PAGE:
This paper was presented by Justice (Retd) Rasheed A. Razvi, Member Pakistan Bar Council in a Seminar held by the Sindh Bar Council on 25th December, 2002 at Karachi.
The issues raised by Mr. Abrar Hassan, in his letter of invitation involves several constitutional and political issues which are all relevant and are need of the time. I will congratulate the Vice Chairman Mr. Abdul Sattar Kazi and all members of the Sindh Bar Council for timely raising these issues.
The Sindh Bar Council appears to be much worried and concerned about the present constitutional setup. They are justified as nobody can guarantee smooth functioning of a civilian government elected as a result of floor crossing with the President in military uniform who was elected by the extra constitutional means. These manipulations are not new to the history of Pakistan. On several occasions, we have witnessed abrogation of constitutions. Strange enough, on all such occasions, our Superior Courts had legitimized all legislative acts of the dictators. There is a long history of Judicial pronouncement through which constitutional deviations were condoned and legitimized. Unfortunately, all such principles culminated in the decision of Zafar Ali Shah’s case. The doctrine of necessity has been again imposed on the nation. The 1973 Constitution has been again distorted, defaced and mutilated by the military rulers. My endeavor will be to highlight the role of Superior Judiciary in creating the present constitutional crisis and at the same time to justify the stand taken by the Pakistan Bar Council and the Supreme Court Bar Association.
There is no Constitution in any part of the world, so for as my knowledge is concerned, which has given authority to their Superior Courts to amend the Constitution. In Pakistan, it is settled law that the function of the Superior Courts are to interprete the Constitution, but despite that such authority was conferred by the Supreme Court on the military dictators who took over the government as a result of successful revolution. In the case of Dosso (PLD 1958 Supreme Court-533) it was ruled by Justice Mohammad Munir that “ a victorious revolution or a successful coup d’ e’tat is an internationally recognized legal method of changing a constitution.”
This doctrine of Prof. Hans Kelsen adopted by Chief Justice Muhammad Munir for validating the martial law imposed from by General Muhammad Ayub Khan was subsequently dissented from by Justice Hamood-ur-Rehman in the case of Asma Jilani (PLD 1972 Supreme Court 139). He was of the view that Kelsen’s doctrine of successful revolution was a pure theory of law and had not laid down any legal norm which are the daily concern of Judges, legal practitioners or administrator. He went on to observe (at page-181) that the proposition of Justice Muhammad Munir as of the Dosso’s case does not find support from any principle of International law. The doctrine of necessity was held to be a principle of condonation and not legitimization. However, subsequent events have proved that the doctrine of necessity was applied by the Supreme Court of Pakistan as an instrument of legitimization. In my humble view, the rule laid down in Asma Jilani’s case is the correct law which ought to have been followed religiously to put breaks on all military adventurism.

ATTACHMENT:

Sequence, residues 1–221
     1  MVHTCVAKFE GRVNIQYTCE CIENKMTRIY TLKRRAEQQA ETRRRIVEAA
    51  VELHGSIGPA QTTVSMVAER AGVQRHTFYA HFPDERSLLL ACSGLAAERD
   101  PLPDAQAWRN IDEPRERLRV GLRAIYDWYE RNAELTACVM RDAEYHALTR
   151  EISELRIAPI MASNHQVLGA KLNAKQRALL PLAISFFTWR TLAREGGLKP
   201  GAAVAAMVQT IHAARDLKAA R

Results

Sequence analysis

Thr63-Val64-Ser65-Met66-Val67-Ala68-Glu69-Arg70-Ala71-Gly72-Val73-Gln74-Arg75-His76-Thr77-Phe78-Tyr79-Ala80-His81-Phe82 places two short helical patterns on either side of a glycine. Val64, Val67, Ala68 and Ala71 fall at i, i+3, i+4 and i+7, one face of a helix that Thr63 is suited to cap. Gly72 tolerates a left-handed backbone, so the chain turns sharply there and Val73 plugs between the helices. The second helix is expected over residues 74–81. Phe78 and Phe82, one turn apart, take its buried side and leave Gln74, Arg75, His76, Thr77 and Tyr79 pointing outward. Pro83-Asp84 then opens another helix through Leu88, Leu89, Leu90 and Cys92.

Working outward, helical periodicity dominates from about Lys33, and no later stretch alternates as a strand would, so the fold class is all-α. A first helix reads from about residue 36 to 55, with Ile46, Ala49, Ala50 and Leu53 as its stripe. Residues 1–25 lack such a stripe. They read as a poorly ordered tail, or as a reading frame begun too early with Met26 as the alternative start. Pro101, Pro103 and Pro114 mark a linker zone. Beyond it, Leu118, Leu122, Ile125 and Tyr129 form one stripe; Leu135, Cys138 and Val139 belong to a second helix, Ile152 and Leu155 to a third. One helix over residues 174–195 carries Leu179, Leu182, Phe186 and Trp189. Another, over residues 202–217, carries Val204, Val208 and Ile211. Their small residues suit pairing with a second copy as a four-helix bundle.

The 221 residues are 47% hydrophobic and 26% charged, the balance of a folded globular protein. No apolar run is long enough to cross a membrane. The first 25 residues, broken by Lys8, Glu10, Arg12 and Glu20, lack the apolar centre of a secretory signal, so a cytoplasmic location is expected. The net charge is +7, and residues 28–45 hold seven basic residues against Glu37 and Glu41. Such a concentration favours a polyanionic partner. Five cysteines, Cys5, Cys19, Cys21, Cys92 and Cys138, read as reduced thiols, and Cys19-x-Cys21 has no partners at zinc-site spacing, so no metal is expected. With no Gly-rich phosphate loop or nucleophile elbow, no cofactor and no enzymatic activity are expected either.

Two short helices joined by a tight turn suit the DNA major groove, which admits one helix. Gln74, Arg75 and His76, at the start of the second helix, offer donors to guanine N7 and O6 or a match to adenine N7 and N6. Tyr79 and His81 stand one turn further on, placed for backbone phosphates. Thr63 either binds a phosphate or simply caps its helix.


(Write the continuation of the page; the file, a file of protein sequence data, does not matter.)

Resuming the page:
Recently, in the case of Qazi Hussain Ahmed (PLD-2002-Supreme Court-853), the present Chief Justice Shaikh Riaz Ahmed, while speaking for the full bench made a startling admission by observing that “ we have miserably failed to evolve a system of governance, transfer of power and to follow the Constitutional path for achieving the welfare of the people and establishment of democratic institutions as envisaged by the Constitution…” By using the word “ we ” I am not aware that how many classes of people were included. But I am certain that the Superior Courts of Pakistan occupies much greater part of the term “we”. In the same judgment the Supreme Court upheld the acts of by passing the constitutional provisions of the election of President, without realizing the implication and effects of the Referendum Order 2002, the limited scope of the authority given to the military rulers, without comparing the amendments with the “declared objectives”. It was held on the basis of concession extended by the advocates appearing on behalf of Federal Government that “ the Referendum Order does not have the effect of amending the Constitution”. In other words, it was said that the removal of President through unconstitutional means and by imposing a military dictator as President of the Country through sub-constitutional legislative measures “does not amount to amending the Constitution.”